Despite the accident, the exercise continued, apparently withouta hitch. On 7 July it went into its second phase. There is no firm evidence that the K-19 launched a missile during this time, as portrayed in the movie. Soviet submarine missile launches took place at designated ranges usually off the coast or in the nearby-enclosed White Sea. Could it have been the damaged K-19?. This not certartain. By this time perhaps as many as two more Hotels had become operational. So the launch could have been from another Hotel.
The dramatic launch from the ice pack portrayed in the film appears to have been fictional. The film also ignores the fact that the missile the K-19 carried had a range of only 300 nautical miles.
The K-19 went on to have a mostly jinxed career. From 1962 to 1964, he was refitted with a new reactor system at a shipyard in the White Sea. The old reactor compartment was completely removed and dumped into the KaraSea. In November 1969 the K-19 collided with the American attack submarineUSS Gato (SSN-615) that probably had been shadowing it. The K-19's acoustic pod was destroyed, and diving planes were damaged from the collision. On 24 February 1972 the K-19 suffered another accident; this time a fire broke out and deadly gas spread through the submarine. The submarine surfaced about 700 miles east of Newfoundland. For forty days, in the midst of miserable North Atlantic storms, the rescue operation continued. More than thirty Soviet ships were involved. The K19 slowly made his way back to its base, but another two dozen crewmen had died because of the fire on the sub.
In 1991 the Soviet Union decommissioned the K-19. The submarine, nicknamed "Hiroshima" by the sailors of the Northern Fleet, is now tied upin storage at the navy base at Polyamy. Unlike the film's portrayal, the K-19 never launched a missile from the ice pack. And its nuclear accident went undetected by the West at the time and remained unknown for years.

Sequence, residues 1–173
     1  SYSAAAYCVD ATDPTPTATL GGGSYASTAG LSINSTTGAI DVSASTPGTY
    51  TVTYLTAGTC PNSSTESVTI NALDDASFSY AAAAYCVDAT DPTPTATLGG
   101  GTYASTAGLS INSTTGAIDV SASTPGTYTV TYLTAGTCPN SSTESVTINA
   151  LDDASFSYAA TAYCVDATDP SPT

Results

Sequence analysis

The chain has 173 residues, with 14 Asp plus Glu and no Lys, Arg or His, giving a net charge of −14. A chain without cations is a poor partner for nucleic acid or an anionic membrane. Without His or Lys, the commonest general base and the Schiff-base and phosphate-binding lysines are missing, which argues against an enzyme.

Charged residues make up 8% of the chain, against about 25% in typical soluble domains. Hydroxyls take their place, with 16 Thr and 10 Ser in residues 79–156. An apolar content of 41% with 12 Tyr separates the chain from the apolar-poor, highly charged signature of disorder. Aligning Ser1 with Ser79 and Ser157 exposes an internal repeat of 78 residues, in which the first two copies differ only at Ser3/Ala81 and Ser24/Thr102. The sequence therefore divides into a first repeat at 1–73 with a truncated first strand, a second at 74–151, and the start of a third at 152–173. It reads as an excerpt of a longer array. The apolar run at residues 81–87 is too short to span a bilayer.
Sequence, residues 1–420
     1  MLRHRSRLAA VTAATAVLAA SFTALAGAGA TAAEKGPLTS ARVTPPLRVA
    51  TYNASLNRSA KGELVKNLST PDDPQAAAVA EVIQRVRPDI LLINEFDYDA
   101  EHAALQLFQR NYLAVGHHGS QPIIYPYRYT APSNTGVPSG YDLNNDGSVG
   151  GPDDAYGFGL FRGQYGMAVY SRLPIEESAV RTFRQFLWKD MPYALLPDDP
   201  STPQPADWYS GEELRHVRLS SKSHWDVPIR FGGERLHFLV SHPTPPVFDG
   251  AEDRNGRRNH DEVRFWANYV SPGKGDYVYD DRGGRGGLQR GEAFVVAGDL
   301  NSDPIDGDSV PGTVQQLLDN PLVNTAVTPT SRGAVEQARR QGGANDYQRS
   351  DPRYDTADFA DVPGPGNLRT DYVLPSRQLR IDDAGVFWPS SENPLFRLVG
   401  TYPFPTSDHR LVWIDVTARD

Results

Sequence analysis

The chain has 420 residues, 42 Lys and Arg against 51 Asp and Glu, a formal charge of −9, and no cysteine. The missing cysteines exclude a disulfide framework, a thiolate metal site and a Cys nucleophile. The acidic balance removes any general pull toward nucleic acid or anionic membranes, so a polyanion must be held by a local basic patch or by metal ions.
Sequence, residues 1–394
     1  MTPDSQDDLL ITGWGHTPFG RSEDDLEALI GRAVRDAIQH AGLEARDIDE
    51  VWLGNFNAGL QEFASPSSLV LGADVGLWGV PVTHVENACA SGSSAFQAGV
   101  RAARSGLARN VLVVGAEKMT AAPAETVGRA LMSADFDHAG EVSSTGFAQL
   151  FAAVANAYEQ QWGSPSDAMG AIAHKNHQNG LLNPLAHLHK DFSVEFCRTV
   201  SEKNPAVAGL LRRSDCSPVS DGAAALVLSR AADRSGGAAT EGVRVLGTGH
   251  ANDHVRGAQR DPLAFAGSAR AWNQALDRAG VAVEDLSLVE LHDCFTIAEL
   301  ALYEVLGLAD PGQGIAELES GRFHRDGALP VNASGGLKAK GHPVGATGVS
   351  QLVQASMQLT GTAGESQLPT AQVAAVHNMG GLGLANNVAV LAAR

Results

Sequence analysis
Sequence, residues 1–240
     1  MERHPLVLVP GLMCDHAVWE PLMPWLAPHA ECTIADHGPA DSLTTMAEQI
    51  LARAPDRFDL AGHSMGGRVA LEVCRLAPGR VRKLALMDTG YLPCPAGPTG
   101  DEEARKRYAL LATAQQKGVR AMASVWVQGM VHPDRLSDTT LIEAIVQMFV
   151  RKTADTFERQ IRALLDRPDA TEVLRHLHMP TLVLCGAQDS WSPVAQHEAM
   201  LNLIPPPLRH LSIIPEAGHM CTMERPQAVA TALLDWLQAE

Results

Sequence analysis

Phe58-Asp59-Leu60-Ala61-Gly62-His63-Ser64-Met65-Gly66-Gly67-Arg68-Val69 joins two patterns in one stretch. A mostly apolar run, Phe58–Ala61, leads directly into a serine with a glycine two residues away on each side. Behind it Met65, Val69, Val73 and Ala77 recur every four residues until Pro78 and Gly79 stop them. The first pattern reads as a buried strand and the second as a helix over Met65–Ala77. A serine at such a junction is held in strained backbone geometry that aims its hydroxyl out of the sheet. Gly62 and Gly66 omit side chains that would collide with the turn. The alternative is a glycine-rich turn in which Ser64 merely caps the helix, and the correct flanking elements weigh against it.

Captain 1st Rank Sergey APRELEV, technical consultant to the film, later wrote: "The statement of the creators of “K-19”, that the film is fictional and not documentary, is a typical trick that, if so, we do not pretend to historical truth ... The creators of the feature films, not constrained by facts and a limited set of frames, declare that their truth is "emotional." In fact, all define accents. And the value of the film is how close it is to understanding the truth, which, alas, exists only ideally. She is always far away, but that is where she should remain: away from the dirty paws of commerce and beyond the reach of a torpedo volley of tedious discussions. is a typical trick in that, if so, we do not pretend to the historical truth... Cinema is in the business of selling myths, not stories. And not only because myths skip with popcorn better than the truth. Myth-makers explain their occupation by the need to clear the raw history of the husk, i.e. all that prevents its absorption in the mass entertainment market....
" And yet, what is this film about? Of course, about the courage and heroism of the Soviet seamen, at the cost of life that saved us all from a nuclear catastrophe. The confrontation between the two systems made the world so fragile and unprotected, and the human factor is often decisive. The collisions of the Caribbean crisis have once again confirmed the role of the individual in history. This film is about people who swore allegiance to their motherland. They are all different, but they are all children of their Soviet time, in which they live, serve and die....
"Yes, there are many inaccuracies in the film, absurdities - in the behavior of the crew, in the ship’s maneuvers, in the crews and details of clothes ... But the tragic episode underlying the plot is a fact from our history. Well, we ourselves have forgotten him? What are the lessons learned? Judging by the fact that the mournful list of our submarines killed in peacetime is unacceptably long, the past has taught us little."